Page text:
Grief: Mom’s been gone for a year and a half. Blunt force trauma for me. A turning point. Juncture. Crossroads. Pick your synonym. Watching her die of cancer was too painful. People die every day. It was her turn. I get it. Anyway, time is softening the blow. The result of her loss caused me to return to the Catholic church. My mind took a break from religion a few years back because I was mad. Now I don’t care about my thoughts on religion. I just need to go to mass. I don’t care if you think that’s silly.

Grief is the ambivalence of pain and numbness. Grieving is the absence of rational thought. It’s thrashing about in a pool of overwhelming feelings. These days, I just talk to her. We are all on journeys with beginnings and ends. It’s all okay.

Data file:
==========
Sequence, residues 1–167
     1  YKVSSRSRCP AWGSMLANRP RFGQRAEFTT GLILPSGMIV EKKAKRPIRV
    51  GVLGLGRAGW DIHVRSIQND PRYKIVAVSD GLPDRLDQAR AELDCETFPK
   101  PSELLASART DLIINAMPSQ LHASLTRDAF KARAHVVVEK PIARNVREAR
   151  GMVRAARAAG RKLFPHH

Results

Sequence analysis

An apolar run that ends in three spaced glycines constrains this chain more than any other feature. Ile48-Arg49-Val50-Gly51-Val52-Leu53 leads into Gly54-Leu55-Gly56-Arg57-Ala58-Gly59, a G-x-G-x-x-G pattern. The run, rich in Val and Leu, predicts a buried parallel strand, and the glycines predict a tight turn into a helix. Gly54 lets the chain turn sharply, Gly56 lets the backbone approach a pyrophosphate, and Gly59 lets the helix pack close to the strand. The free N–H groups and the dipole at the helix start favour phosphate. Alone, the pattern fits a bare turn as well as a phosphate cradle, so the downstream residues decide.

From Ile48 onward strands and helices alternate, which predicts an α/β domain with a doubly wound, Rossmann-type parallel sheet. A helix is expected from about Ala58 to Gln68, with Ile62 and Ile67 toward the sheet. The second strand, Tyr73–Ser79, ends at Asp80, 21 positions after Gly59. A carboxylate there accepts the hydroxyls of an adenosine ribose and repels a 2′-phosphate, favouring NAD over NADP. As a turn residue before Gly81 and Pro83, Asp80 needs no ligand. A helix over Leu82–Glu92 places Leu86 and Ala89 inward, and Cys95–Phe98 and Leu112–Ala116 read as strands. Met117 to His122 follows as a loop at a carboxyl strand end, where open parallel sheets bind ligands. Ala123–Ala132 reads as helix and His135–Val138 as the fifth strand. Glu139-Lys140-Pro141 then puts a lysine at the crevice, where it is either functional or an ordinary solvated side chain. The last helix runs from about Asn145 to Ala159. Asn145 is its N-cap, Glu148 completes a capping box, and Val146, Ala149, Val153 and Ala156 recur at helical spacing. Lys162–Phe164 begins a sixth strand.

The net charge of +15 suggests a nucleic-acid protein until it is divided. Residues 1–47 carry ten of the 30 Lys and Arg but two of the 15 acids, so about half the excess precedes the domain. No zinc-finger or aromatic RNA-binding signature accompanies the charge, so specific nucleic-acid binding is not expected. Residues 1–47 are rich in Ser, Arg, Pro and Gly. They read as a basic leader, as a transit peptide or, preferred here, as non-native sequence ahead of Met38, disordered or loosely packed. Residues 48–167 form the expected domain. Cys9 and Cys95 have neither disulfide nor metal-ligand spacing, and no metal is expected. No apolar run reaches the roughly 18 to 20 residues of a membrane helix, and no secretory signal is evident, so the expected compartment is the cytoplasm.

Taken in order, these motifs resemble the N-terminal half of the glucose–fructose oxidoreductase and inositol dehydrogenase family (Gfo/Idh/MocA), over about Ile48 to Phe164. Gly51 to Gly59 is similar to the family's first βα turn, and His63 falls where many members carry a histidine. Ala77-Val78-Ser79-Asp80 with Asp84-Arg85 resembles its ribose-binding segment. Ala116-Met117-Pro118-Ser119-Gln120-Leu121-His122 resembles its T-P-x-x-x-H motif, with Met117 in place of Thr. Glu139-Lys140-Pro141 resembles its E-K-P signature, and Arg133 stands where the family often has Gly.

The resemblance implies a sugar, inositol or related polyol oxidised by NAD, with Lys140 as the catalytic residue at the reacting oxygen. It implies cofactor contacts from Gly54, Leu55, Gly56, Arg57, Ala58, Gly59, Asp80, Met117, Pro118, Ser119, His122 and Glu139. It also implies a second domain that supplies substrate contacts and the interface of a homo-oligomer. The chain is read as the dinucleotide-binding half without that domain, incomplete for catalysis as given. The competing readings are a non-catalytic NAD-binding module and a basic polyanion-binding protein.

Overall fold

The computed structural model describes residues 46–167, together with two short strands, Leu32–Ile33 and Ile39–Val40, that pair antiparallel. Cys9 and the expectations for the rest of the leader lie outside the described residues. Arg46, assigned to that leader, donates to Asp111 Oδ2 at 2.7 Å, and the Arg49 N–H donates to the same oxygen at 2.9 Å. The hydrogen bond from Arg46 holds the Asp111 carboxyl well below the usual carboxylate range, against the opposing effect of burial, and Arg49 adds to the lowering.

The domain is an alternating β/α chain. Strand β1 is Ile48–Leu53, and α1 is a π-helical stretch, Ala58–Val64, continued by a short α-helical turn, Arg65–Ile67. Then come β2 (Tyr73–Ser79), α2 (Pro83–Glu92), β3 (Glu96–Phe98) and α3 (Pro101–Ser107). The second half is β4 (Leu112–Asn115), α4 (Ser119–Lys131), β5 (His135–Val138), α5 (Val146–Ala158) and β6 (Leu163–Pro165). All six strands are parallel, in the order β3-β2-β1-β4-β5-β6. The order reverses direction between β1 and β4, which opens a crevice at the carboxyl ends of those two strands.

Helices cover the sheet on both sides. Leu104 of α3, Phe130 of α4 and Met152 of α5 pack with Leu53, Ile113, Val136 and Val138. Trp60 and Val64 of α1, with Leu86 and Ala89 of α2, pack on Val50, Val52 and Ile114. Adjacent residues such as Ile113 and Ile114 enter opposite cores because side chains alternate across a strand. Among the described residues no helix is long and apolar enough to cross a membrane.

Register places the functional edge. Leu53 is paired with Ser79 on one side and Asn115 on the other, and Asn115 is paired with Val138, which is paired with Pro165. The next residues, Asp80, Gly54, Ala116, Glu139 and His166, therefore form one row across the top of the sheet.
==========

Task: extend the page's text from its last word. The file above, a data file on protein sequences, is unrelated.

Writing: So that book. I have been too numb to be creative. I am normally a goal-oriented, follow-through kind of gal, so I suspect I will finish it. I’ve only the final chapter to write before the editing begins. Since it’s about WW2, my new goal is to complete it before the 80th anniversary. My self-pity shrinks when I think about the destruction and the lost souls during the war. I feel a personal debt is owed to the men and women who served. I love what my flag symbolizes. I don’t care if you think that’s silly.

The Move: Sometimes you just gotta change it up. Stir the pot. Clean the slate. The changes in my head, heart, and soul instigated the crazy move from Arizona to Virginia. It’s happening in stages. Stage one — sell the house. Stage two — get a job in Virginia and finish out the current contract. We wait. Jim and I are happy in our motor home with our big sky and beautiful view. We listen to music, get buzzed, and sleep heavily.